Disappointment, not gold, was their reward. Over the next couple of weeks, many discouraged men decided to return home. Finally, only thirteen men—all Georgians, led by Green Russell—resolved to prospect further. They moved northward along the foothills for about thirty miles. Unbeknownst to the Russell group, another party had had the same idea. Fall Leaf ’s little sample had stirred up a good bit of interest among Lawrence folk.


The long winter evenings gave locals plenty of opportunity to sit around and talk, and dream, and plan. Still, despite persistent attempts at persuasion and promises of rewards, Fall Leaf refused to guide anyone west to the gold regions. His stubbornness was probably wise: he had no idea where the gold had actually been found, and the Lawrence party going west may have seemed too small for safety. Undeterred by such a minor setback as lack of a guide, when weighed against the expected rewards, about thirty men decided to try their luck at finding the site.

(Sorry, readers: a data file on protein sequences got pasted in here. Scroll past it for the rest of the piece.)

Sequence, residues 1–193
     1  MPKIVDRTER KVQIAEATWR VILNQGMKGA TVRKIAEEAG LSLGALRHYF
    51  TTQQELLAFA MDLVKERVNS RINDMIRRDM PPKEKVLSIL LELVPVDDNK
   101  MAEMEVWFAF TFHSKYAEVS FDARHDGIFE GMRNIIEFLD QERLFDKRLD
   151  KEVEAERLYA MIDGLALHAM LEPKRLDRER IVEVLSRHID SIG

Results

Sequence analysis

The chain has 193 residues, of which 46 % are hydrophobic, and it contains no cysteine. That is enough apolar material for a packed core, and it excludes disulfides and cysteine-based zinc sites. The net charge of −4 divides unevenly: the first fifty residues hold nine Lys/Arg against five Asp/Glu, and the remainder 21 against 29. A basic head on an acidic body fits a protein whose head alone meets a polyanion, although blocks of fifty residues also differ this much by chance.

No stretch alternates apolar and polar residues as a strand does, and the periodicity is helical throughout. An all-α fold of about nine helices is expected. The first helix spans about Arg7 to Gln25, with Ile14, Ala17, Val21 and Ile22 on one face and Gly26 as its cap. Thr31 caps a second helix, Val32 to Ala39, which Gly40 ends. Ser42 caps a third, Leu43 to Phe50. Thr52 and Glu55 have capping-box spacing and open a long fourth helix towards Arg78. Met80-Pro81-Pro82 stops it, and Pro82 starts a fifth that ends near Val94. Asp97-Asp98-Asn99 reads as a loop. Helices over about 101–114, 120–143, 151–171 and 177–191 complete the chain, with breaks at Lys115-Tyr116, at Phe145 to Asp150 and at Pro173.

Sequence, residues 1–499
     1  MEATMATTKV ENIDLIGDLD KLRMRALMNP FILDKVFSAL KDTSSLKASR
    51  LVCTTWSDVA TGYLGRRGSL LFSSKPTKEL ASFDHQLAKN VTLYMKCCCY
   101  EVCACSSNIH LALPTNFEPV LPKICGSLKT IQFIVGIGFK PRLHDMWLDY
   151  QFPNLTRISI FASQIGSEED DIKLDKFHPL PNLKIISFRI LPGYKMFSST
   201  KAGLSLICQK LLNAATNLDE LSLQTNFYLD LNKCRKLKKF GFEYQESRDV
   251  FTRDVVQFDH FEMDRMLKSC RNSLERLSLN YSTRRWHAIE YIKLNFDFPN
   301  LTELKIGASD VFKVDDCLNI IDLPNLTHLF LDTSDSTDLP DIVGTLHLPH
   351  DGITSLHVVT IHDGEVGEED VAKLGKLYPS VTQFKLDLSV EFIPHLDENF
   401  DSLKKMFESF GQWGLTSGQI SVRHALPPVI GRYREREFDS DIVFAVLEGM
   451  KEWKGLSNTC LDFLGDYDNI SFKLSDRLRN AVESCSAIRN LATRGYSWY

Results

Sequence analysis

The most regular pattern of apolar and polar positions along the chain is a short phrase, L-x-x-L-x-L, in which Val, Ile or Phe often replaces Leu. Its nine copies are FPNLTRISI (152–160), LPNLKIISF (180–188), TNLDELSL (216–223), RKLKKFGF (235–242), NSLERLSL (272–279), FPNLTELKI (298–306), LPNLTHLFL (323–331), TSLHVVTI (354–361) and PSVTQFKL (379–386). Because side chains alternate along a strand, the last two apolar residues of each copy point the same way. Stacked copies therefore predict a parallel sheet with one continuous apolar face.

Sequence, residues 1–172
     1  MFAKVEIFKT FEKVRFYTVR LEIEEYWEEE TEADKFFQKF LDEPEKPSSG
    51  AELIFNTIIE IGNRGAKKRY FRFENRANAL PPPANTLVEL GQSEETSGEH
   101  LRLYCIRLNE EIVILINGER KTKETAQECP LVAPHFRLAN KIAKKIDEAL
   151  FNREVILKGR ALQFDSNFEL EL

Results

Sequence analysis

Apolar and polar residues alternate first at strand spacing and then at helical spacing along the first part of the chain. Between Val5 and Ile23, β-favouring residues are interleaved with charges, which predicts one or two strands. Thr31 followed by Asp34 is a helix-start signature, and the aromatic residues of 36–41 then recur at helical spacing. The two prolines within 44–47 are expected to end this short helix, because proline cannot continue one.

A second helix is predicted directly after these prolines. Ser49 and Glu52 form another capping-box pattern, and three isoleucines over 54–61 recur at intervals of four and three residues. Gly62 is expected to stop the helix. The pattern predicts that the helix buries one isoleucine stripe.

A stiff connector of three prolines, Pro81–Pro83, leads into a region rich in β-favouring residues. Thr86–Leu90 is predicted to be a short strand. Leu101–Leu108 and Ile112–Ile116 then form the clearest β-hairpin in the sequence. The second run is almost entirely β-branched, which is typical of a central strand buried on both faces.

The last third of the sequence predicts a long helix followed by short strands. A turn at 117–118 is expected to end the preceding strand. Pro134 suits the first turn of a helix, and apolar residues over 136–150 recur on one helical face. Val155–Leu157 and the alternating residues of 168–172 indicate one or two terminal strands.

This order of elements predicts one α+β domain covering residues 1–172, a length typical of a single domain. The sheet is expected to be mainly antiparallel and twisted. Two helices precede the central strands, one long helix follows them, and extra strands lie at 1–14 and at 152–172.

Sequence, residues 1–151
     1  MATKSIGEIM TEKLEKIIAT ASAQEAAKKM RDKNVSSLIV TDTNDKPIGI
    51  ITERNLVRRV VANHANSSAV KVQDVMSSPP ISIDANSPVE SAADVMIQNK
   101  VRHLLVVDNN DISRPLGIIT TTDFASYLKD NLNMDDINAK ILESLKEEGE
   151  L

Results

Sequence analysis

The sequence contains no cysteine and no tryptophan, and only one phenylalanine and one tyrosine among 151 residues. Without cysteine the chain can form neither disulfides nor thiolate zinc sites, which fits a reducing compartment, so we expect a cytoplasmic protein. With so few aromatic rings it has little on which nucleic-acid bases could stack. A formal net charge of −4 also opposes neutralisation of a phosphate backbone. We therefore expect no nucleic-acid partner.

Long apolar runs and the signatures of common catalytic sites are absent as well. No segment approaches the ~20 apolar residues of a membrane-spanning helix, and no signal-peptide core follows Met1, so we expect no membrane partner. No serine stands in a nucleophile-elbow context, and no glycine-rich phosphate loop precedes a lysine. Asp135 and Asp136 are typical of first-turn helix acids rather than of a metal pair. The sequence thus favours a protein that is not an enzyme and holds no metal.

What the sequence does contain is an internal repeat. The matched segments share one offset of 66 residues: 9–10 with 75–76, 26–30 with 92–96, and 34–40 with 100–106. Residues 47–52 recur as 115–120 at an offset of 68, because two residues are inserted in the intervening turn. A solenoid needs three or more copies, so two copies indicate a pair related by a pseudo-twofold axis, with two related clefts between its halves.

In late May, they too set off westward toward Pike’s Peak, the only well-known and prominent point in the region. Eventually, joined by a few others, their party grew to a total of forty-nine, including two women and a child.